Science Spotlight

Making sense of antisense transcription

expression diagram
The Swr1, Isw2, Rsc, and Ino80 chromatin remodeling complexes repress the expression of antisense long noncoding RNAs (ASlncRNAs) that overlap mRNA coding regions and repress mRNA expression.
Image provided by Eric Alcid

A striking finding from genome-wide analysis of transcription is that a large fraction of many eukaryotic genomes is transcribed into long noncoding RNAs (lncRNAs).  While in a few cases specific functions have been ascribed to lncRNAs, whether the majority of lncRNAs are functional has been the subject of ongoing debate (Ulitsky and Bartel, 2013). Aside from the question of function, how the expression of lncRNAs is regulated is unclear.  To dissect mechanisms that regulate the expression of lncRNAs, graduate student Eric Alcid in the laboratory of Dr. Toshio Tsukiyama (Basic Sciences Division) focused on antisense lncRNAs (ASlncRNAs), which overlap mRNA coding regions but are transcribed in the opposite direction.  Using a novel genetic screen in budding yeast, he identified many new repressors of ASlncRNA transcription, including components of four highly conserved chromatin remodeling complexes.  This extends the authors’ previous work showing that the chromatin remodeling factor Isw2 represses the transcription of ASlncRNAs from the 3’ ends of protein-coding genes (Whitehouse et al., 2007) and shows that chromatin remodeling is a major player in the regulation of ASlncRNA transcription.

The authors first created a genetic system to screen for regulators of ASlncRNA transcription.  They hypothesized that, since ASlncRNAs often overlap mRNA coding regions, that RNAi, which uses double stranded RNA as a template to target mRNAs for degradation, would process mRNA:ASlncRNA hybrids and stabilize ASlncRNAs. Thus, they reconstituted RNAi in budding yeast. While reconstitution of RNAi alone did not lead to growth defects, genetic crosses to mutants known to stabilize ASlncRNAs resulted in variable degrees of growth impairment, indicative of widespread mRNA degradation.  Having confirmed that their system was sensitive to increases in ASlncRNA levels, they used a technique called synthetic genetic array (SGA) analysis, allowing them to cross their RNAi-reconstituted strain to a collection of ~5,000 non-essential gene deletion mutants and screen for growth defects. The identified numerous genes involved in biological processes related to RNA metabolism as well as regulations of mRNA transcription.  Additionally, a number of chromatin regulators were among the hits, including subunits of four chromatin remodeling complexes: Isw2, Swr1, Ino80, and Rsc.  The genetic interactions between RNAi and chromatin remodelers were subsequently confirmed using a different genetic background and additional mutants.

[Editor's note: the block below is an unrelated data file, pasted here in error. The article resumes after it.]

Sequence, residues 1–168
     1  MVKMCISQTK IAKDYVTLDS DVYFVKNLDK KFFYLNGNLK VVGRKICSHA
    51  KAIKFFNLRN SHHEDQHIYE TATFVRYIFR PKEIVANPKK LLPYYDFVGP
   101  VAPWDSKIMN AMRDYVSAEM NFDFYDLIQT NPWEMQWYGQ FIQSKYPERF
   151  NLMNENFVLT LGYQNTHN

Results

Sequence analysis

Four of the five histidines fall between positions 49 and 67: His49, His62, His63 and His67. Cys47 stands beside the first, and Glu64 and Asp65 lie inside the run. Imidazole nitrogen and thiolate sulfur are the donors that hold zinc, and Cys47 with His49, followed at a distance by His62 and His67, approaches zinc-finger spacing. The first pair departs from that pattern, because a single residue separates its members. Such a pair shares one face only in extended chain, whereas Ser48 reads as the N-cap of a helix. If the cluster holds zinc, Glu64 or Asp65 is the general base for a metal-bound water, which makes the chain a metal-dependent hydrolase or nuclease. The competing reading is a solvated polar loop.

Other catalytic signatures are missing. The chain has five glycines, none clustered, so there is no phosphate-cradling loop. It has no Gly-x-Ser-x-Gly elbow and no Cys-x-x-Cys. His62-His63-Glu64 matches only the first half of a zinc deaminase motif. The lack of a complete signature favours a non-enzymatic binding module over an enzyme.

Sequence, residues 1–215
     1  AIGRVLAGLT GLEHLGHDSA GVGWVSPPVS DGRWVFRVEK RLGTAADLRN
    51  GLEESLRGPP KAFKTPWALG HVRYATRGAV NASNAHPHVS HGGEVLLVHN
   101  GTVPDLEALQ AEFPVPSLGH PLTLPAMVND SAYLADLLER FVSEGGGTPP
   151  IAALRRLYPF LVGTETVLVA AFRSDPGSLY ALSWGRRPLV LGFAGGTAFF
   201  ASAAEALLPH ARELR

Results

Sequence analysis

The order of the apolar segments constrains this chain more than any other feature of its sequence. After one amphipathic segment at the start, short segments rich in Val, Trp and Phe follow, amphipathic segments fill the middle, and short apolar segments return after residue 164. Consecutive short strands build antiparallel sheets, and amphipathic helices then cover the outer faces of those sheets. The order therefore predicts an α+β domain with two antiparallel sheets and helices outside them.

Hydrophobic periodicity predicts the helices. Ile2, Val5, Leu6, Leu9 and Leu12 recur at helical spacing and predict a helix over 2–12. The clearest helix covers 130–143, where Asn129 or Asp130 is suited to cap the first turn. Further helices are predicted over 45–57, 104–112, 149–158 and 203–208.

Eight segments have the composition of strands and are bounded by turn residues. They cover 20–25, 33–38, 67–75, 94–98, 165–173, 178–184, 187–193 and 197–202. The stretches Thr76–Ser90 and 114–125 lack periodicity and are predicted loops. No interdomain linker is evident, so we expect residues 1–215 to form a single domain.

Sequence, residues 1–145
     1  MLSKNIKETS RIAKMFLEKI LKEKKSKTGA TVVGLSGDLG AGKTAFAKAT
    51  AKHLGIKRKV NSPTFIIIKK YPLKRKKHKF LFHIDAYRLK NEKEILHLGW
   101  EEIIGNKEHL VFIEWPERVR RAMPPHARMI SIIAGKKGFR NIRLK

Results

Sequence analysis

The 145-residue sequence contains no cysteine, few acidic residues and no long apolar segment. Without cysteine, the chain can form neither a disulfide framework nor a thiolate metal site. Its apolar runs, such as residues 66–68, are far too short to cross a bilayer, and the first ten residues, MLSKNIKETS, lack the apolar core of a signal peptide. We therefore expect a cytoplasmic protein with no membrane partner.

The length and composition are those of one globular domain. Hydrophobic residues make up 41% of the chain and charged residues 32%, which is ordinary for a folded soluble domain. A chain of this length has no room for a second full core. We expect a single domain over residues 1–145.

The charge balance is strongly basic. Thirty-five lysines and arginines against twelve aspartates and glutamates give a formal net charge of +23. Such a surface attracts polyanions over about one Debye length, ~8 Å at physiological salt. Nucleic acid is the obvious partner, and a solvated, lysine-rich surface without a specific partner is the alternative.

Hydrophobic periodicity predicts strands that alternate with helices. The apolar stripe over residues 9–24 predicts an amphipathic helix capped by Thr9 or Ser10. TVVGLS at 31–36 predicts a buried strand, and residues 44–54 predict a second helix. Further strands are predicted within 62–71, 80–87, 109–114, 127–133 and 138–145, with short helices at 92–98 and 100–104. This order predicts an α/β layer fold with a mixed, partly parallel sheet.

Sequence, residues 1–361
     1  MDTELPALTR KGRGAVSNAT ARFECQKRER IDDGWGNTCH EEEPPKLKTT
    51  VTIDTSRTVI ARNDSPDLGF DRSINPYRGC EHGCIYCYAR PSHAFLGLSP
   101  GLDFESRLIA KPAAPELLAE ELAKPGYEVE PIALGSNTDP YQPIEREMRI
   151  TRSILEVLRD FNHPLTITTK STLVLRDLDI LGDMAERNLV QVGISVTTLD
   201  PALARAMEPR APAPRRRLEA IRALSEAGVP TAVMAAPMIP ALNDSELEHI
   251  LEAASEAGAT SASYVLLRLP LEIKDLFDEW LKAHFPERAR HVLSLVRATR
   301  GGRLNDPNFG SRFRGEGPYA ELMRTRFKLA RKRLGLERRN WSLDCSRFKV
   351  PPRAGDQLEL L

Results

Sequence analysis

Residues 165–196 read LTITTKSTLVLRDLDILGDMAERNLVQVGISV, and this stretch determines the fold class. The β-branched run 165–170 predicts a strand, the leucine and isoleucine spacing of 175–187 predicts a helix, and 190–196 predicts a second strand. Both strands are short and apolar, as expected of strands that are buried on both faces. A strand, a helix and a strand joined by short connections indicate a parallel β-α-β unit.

Having identified chromatin remodelers as putative lncRNA repressors, the authors next sequenced RNA from yeast strains carrying mutations in each remodeling complex.  This revealed a total of 1,799 ASlncRNAs that were upregulated in the absence of chromatin remodelers.  Each remodeling complex targeted mostly unique sets of ASlncRNAs, perhaps reflecting their varying effects on chromatin structure, and suggesting that there are multiple ways in which chromatin structure can repress ASlncRNA transcription.

As sequencing of RNA from chromatin remodeler mutants cannot distinguish between ASlncRNAs directly and indirectly repressed by remodelers, the authors used genome-wide chromatin immunoprecipitation (ChIP) data to identify ASlncRNAs whose transcription start sites are bound by remodelers.  This analysis showed that 814 (~45%) of all remodeler-repressed ASlncRNAs are bound by remodelers at their start sites.  The authors designated ASlncRNAs directly repressed by remodelers CRRATs (chromatin remodeling-repressed antisense transcripts).

Lastly, the authors addressed the question of ASlncRNA functionality. To do this, they identified CRRATs whose upregulation was associated with decreases in their overlapping mRNAs.  This analysis identified 259/814 (~31.8%) CRRATs associated with mRNA decreases, suggesting that ASlncRNA repression of mRNA transcription is a widespread mechanism for transcriptional repression.

"Our study has two potential, big-picture implications: 1) The cell devotes numerous resources to attenuating noncoding RNA levels genome-wide and 2) mRNA control through regulation of the overlapping noncoding RNA is far more common that previously appreciated," said Alcid.  Furthermore, given that the chromatin remodelers identified in this study are evolutionarily conserved, chromatin-level repression of ASlncRNA expression may also be a conserved regulatory mechanism. 

Alcid E, Tsukiyama T. 2014. ATP-dependent chromatin remodeling shapes the long noncoding RNA landscape. Genes Dev 28(21):2348-2360.

See also: Ulitsky I, Bartel DP. 2013. lincRNAs: Genomics, Evolution, and Mechanisms. Cell 154(1):26-46.